[MARMAM] New publication: Erysipelas with preferential brain and skin involvement in a Mediterranean bottlenose dolphin Tursiops truncatus (Laura Martino)

Laura laura.martino98 at gmail.com
Mon Feb 5 00:43:31 PST 2024


Dear all,
Me and coauthors are pleased to announce the publication of our
paper Erysipelas with preferential brain and skin involvement in a
Mediterranean bottlenose dolphin Tursiops truncatus, in the journal
Diseases of Aquatic Organisms. The publication is open access, and is
available at


https://www.int-res.com/abstracts/dao/v157/p31-43/

See below the abstract of the publication:

Erysipelas with preferential brain and skin involvement in a Mediterranean
bottlenose dolphin Tursiops truncatus

Laura Martino, Bárbara Serrano, Jaume Alomar, Lola Pérez, Virginia Aragon,
Àlex Cobos, Maria Lourdes Abarca, Zeinab Yazdi, Esteban Soto, Mariano
Domingo

ABSTRACT: Infections by Erysipelothrix rhusiopathiae occur in domestic
animals and cause the disease known as ‘erysipelas’. The ubiquity of
Erysipelothrix spp. makes infection possible in a wide range of vertebrates
and invertebrates. Cetaceans are highly susceptible to erysipelas,
especially those under human care. The number of cases documented in wild
cetaceans is low, the pathogenesis is incompletely understood, and the full
spectrum of lesions is not well defined. The possible serotypes and species
of the genus that can cause disease are unknown. In October 2022, a common
bottlenose dolphin Tursiops truncatus stranded in Vilassar de Mar
(Catalonia) showing skin lesions consistent with ‘diamond skin disease’, a
characteristic lesion of erysipelas shared by swine and cetaceans. Necropsy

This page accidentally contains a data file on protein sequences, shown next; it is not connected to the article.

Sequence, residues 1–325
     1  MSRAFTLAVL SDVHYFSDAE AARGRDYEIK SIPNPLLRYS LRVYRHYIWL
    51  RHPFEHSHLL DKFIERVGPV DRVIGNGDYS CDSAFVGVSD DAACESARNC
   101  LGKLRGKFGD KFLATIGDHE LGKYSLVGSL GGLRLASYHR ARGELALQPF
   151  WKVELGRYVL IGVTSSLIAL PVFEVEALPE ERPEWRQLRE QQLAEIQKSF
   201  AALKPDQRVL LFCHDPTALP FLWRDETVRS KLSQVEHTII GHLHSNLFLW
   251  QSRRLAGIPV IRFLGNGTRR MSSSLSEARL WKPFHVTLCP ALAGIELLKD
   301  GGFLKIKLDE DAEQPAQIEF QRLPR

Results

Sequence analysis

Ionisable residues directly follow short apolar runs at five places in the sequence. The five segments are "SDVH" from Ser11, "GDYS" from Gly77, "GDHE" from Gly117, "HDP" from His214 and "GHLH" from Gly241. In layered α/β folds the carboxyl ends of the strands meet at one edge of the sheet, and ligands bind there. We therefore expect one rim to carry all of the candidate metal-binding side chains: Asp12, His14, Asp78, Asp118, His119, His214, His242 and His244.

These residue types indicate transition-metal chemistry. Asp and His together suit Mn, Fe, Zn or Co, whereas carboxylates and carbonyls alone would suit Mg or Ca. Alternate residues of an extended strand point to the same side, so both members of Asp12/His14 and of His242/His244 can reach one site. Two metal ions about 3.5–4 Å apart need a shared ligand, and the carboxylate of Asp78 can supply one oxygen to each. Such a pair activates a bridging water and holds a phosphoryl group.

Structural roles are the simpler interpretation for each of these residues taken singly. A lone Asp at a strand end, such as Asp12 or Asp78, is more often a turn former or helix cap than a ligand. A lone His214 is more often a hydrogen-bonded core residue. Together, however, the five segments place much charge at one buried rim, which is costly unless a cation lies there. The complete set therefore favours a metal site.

was performed following standardized procedures, and multiple samples were
taken for histopathology and bacteriology. Erysipelothrix sp. grew in pure
culture in many tissue samples. Genetic characterization by multi-locus
sequence analysis identified the species as E. rhusiopathiae.
Histologically, the main lesions were an intense suppurative vasculitis of
leptomeningeal arteries and veins with abundant intramural Gram-positive
bacilli and meningeal hemorrhages. Meningeal lesions were considered the
cause of death. The affected skin showed moderate suppurative dermatitis.
Herein we document a case of erysipelas in a Mediterranean common
bottlenose dolphin with unusual lesions in the leptomeningeal vessels and
marked skin tropism. To our knowledge, this is the first case of severe
brain involvement in erysipelas in a cetacean. We also provide a review of
available cases in wild cetaceans, to highlight the characteristics of the
disease and improve future diagnosis.
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